You are a new Splunk APM customer and want to determine the best method of sending traces to APM from your services.
Instrumentation is the process through which application code is extended to capture and report trace spans. Splunk APM is instrumentation agnostic; as long as spans are sent in a recognized format, it doesn’t matter how you instrument your code. APM supports instrumentation libraries such as OpenTelemetry, Jaeger, and Zipkin, and has default instrumentation for languages such as Java, Ruby, Python, Node, Go, .NET, and PHP. However, you can manually instrument applications for other languages. Before doing so, you should understand when to use automatic and when to use manual instrumentation.
Automatic instrumentation is a run-time automated process that automatically identifies the frameworks and libraries that are in use. It instruments those libraries to capture tracing, without making any code changes. If your library is supported by auto-instrumentation, helpful operational data can be obtained. For example, you might want to know when:
- a Python application made an HTTP request to another service
- a Java application called a MySQL database to create a new user
Auto-instrumentation covers most cases and adds Splunk APM instrumentation to your application or service. However, you might want to use manual instrumentation if any of the following apply to you:
- auto-instrumentation does not capture relevant distributed traces
- there is missing metadata relevant to your business logic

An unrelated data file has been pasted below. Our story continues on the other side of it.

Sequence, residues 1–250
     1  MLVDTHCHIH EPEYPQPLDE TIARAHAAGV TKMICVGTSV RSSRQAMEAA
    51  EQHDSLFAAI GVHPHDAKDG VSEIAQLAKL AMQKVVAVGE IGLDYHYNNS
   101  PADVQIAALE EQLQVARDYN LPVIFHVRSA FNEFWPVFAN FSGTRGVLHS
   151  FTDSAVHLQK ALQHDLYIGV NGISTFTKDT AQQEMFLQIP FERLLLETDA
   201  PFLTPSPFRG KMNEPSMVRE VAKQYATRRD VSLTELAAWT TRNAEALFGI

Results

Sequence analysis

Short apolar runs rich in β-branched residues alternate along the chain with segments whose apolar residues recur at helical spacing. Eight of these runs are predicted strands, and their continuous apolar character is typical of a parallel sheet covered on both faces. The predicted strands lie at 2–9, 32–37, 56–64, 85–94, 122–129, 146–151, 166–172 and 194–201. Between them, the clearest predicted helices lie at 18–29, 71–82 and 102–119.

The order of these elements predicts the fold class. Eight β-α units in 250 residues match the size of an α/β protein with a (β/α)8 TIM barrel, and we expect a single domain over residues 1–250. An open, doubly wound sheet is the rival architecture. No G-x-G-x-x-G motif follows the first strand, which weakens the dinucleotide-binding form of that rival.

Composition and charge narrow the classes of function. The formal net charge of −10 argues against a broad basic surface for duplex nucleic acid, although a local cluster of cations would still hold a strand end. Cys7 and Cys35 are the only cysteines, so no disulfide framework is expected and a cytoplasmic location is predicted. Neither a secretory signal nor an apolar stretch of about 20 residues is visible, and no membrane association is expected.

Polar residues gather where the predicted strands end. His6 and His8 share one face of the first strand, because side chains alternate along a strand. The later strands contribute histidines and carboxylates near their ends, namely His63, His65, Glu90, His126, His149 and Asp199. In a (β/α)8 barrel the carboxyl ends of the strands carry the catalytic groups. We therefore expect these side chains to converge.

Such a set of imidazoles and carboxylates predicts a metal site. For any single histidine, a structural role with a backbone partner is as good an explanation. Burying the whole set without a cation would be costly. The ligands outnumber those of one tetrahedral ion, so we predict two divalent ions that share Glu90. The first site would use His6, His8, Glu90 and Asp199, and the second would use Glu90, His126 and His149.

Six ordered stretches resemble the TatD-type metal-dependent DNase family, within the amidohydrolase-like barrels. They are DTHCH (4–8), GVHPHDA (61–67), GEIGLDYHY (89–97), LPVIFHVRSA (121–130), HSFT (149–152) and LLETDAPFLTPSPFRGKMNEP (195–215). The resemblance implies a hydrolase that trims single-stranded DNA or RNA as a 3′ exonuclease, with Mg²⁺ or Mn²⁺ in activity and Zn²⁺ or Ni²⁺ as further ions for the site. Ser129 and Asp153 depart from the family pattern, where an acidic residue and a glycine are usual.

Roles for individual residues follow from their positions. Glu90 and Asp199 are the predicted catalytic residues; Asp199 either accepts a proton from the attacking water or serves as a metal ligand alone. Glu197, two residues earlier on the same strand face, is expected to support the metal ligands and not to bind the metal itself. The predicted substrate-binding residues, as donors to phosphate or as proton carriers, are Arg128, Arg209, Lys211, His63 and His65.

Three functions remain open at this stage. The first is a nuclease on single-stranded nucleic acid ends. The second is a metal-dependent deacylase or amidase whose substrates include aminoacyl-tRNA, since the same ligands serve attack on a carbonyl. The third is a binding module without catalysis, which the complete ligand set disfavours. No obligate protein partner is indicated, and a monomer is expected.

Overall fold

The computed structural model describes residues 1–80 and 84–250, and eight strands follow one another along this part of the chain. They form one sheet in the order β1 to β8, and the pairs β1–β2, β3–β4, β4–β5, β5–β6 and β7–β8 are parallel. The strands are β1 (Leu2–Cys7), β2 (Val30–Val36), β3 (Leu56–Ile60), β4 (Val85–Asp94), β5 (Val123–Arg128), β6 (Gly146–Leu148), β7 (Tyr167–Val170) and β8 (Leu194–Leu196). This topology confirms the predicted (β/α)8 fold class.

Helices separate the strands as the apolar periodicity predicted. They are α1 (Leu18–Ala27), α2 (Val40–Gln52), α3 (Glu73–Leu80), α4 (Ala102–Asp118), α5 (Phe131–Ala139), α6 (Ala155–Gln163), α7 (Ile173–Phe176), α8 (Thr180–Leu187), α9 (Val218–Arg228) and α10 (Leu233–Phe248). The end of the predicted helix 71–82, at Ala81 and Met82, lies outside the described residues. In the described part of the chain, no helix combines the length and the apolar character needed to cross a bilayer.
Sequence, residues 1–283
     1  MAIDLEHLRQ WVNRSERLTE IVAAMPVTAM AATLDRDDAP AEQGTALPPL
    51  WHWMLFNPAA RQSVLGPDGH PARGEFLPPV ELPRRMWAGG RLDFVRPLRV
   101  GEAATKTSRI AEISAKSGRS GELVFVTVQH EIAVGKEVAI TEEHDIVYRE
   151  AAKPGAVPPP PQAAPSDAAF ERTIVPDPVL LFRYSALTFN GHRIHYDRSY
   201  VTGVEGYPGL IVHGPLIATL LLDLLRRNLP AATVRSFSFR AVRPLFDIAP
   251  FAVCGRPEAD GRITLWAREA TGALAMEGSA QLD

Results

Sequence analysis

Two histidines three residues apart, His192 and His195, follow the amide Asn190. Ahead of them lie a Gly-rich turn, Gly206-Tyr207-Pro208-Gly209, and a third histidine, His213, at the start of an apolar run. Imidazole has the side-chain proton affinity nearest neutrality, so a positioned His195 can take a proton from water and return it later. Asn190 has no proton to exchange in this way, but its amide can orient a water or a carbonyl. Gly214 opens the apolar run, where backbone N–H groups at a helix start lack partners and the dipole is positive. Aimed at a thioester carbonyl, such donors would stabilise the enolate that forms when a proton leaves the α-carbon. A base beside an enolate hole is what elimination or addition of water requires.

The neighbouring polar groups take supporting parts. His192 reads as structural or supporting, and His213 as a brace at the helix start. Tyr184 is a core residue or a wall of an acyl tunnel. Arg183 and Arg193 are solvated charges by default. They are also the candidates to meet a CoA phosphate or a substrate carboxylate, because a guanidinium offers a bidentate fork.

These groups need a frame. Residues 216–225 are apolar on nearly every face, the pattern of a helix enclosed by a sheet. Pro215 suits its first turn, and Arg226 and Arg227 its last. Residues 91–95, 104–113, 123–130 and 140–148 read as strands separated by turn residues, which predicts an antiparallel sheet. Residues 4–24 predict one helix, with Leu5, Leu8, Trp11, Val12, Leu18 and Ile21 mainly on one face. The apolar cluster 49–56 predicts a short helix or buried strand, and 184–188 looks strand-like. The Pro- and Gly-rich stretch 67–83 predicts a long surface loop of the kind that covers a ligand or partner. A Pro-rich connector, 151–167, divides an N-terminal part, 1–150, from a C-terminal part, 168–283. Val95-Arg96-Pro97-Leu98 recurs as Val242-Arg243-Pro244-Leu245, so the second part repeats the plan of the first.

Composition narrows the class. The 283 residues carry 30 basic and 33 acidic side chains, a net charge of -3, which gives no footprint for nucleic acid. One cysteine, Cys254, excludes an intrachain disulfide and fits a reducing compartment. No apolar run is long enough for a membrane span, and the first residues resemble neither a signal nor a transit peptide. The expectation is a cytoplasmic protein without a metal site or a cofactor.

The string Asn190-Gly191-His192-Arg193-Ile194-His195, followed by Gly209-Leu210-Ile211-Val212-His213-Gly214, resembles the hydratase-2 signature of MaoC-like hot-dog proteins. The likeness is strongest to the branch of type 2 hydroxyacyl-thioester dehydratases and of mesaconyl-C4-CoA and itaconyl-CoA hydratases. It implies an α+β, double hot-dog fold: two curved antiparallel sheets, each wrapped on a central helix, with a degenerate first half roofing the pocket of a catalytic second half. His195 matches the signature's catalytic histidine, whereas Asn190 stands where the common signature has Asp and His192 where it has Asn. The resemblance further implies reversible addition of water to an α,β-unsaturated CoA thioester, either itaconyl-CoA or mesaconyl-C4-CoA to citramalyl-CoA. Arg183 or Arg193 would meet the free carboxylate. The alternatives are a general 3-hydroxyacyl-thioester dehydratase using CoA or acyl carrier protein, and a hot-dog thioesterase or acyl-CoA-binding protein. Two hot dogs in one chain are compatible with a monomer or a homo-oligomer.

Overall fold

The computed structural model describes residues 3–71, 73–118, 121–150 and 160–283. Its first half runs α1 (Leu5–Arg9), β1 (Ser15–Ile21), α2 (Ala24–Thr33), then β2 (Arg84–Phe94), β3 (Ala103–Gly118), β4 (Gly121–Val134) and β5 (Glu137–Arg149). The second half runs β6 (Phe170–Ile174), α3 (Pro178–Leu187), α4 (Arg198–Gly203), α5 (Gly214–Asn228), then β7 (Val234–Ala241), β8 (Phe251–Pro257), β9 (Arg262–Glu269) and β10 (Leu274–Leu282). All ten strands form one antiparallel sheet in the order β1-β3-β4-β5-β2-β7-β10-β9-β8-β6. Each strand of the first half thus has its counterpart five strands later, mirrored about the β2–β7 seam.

- you don't have expected level of tracing data
Manual (custom) instrumentation
With manual instrumentation, you modify application code to selectively capture trace spans in interesting areas. You can also add relevant span metadata tags around blocks of code that you want to instrument. Manually adding spans in this way gives you flexibility of capturing what you need and allows for capturing custom metadata. This method is the only way to add instrumentation and capture detail in first-party business logic.
You can mix automatic and manual instrumentation. Even when your library is supported by auto-instrumentation, manual instrumentation can be added to get more insight. Auto instrumentation data can be augmented by the addition of manually captured spans and tags that add more detail.
An example of the kind of information that could be captured by a hybrid approach could be where a Java application makes a call to a MySQL database to create a new user (auto), and the new user belongs to a certain customer (manual).
Do not mix automatic instrumentation from two different vendors.
If you found this article useful and want to advance your skills, Splunk Education offers a 3-hour, instructor-led course on Manual Instrumentation with Splunk APM. The hands-on labs in the course will teach you how to:
- Describe what instrumentation is
- Describe what traces and spans are
- Describe instrumentation options
- Manually create spans
- Add span tags
- Describe interoperability
- Enable interoperability between applications
Click here for the course catalog where you can read the details about this and other Splunk APM courses, as well as register.